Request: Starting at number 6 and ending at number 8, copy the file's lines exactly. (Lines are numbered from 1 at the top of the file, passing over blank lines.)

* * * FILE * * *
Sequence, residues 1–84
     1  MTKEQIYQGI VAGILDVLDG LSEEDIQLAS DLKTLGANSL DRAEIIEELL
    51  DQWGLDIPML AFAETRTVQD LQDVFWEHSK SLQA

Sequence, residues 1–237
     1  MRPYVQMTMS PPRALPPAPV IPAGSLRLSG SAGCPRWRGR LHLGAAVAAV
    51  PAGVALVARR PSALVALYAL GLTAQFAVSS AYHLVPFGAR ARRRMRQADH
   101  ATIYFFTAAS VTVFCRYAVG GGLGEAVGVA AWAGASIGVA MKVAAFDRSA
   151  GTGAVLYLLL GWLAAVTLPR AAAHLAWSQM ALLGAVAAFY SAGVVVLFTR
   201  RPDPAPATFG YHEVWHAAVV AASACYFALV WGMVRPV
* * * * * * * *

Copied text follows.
    51  PAGVALVARR PSALVALYAL GLTAQFAVSS AYHLVPFGAR ARRRMRQADH
   101  ATIYFFTAAS VTVFCRYAVG GGLGEAVGVA AWAGASIGVA MKVAAFDRSA
   151  GTGAVLYLLL GWLAAVTLPR AAAHLAWSQM ALLGAVAAFY SAGVVVLFTR